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What is Geth?

January 23, 2018
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Understanding how to download and interact with the Ethereum blockchain is a crucial part for anyone learning Ethereum.

There are several popular clients to work with the Ethereum blockchain. They are:

  • eth – a client written in C++
  • geth – a client written in Go
  • pyethapp – a client written in python

There’s also Haskell and Java. There is a more detailed description here. Here we will focus on Geth.

What is Geth?

Geth is a multipurpose command line tool that runs a full Ethereum node implemented in Go. It offers three interfaces: the command line subcommands and options, a Json-rpc server and an interactive console.

Downloading Geth

There are several ways to download Geth. One is to visit https://geth.ethereum.org/downloads/ and download the latest version suitable for your OS.

Another option is to use brew for OSX users. Follow the instructions here. With brew, the steps are essentially:

  • brew tap ethereum/ethereum
  • brew install ethereum

What this does is install the geth client at /usr/local/Cellar/ethereum/1.7.3/bin

Then you can go to your terminal and run

>> geth

When you run this command, geth will start downloading the entire blockchain onto your laptop. The location of the chaindata will be shown in the terminal window. Mine for example was: database=/Users/cloudnthings/Library/Ethereum/geth/chaindata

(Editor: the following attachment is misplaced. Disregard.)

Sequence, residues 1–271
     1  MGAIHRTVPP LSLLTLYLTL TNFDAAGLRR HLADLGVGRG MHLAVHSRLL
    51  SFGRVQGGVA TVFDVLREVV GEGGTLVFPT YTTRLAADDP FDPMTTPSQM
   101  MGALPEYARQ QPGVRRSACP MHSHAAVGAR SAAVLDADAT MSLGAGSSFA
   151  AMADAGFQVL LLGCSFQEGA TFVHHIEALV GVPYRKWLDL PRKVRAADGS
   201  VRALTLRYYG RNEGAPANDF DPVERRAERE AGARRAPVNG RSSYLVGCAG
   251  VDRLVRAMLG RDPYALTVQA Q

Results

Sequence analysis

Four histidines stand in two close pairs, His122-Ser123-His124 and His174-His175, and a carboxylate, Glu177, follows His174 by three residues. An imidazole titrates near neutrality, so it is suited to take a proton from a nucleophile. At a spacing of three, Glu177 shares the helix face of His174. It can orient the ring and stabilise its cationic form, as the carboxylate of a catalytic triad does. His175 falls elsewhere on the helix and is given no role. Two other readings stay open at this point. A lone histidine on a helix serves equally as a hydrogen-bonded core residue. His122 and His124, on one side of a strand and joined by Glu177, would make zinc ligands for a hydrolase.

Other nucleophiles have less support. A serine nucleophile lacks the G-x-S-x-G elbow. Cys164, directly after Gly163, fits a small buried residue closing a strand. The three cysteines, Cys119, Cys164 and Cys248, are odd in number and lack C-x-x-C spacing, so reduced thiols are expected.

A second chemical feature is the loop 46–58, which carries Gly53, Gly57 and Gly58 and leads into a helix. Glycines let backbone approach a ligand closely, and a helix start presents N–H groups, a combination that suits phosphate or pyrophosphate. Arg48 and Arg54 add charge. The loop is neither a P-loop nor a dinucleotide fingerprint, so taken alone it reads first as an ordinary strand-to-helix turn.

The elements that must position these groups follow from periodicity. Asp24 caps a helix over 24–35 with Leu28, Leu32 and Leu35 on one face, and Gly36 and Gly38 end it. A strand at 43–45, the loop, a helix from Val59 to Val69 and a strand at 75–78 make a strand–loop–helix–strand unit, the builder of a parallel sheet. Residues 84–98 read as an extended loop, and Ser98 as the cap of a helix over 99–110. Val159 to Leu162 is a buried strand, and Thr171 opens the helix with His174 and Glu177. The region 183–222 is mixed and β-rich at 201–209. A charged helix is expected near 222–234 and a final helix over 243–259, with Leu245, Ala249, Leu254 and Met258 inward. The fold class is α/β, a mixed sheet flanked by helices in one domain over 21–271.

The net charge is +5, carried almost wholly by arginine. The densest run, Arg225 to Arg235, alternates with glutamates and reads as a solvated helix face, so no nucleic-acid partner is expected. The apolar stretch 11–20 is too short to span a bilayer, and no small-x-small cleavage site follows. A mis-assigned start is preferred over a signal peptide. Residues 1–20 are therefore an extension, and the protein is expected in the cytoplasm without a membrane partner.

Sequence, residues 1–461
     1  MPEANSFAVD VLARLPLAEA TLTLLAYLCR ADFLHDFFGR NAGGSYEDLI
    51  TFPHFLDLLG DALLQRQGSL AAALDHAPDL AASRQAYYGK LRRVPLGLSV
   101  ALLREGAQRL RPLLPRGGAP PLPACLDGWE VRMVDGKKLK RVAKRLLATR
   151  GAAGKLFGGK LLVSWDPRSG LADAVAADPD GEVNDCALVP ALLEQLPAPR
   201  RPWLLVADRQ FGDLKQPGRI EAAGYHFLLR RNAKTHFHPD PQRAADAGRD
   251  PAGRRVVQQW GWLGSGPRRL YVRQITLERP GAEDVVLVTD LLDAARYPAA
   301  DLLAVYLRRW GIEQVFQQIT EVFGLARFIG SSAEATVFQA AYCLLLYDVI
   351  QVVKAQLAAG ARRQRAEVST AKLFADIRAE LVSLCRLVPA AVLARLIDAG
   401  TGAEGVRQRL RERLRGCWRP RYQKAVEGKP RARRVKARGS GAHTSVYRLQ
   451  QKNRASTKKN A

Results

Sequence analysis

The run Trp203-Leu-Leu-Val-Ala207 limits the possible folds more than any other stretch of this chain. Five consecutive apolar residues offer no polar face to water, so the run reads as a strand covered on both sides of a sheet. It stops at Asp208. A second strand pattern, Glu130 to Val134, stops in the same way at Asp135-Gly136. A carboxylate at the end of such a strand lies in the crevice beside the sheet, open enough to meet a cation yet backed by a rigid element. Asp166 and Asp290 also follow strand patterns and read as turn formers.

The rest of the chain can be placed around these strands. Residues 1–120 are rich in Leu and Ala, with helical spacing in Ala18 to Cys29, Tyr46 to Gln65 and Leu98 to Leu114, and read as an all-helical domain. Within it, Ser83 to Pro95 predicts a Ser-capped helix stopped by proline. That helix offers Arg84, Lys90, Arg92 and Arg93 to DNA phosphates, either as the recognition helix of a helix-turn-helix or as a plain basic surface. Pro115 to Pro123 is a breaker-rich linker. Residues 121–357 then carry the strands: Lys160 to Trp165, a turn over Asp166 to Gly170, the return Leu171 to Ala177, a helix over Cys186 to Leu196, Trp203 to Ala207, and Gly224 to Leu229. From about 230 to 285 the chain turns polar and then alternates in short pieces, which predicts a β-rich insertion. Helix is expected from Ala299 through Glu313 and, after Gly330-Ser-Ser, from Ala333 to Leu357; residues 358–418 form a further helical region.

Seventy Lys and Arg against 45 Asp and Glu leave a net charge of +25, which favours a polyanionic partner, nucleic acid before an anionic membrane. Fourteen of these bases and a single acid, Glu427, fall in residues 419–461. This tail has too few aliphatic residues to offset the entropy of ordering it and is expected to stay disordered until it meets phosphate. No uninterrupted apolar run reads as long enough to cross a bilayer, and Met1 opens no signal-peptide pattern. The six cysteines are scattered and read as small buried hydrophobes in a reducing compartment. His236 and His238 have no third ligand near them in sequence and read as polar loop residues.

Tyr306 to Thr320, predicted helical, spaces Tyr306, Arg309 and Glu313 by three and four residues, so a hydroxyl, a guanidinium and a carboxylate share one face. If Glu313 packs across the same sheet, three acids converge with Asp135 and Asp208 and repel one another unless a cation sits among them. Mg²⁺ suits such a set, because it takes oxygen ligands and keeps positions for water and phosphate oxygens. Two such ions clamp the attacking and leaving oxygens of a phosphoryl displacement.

Once this is running, you should see your chaindata folder start increasing in size. To get the status of the synchronisation, open another terminal and connect to the geth client. This opens up a geth javascript console.

>> geth attach

Once connected, run eth.syncing to get the current block and the highest block.

Note that this your CPU load is going to go through the roof as geth kicks into life as you download the entire blockchain.

To find out the number of peers you are connected to run:

>> net.peerCount

If you have Mist or Ethereum Wallet, you can open it up and you should see the same download status.

Testnet

So far we have been using main net or the live blockchain. For development purposes, the best option is to run geth in testnet mode like so:

>> geth –testnet

This will take less space and sync even faster.

To go hyper speed, try:

>> geth –testnet –syncmode “fast”

Note that sometimes you might run into errors such as “Synchronisation failed, dropping peer” or “Ancestor below allowance”.  This will mainly be due to no peers being available so you’ll just have to be patience and wait. Here I had to wait 20 minutes.

> geth attach ipc:/Users/<username>/Library/Ethereum/testnet/geth.ipc

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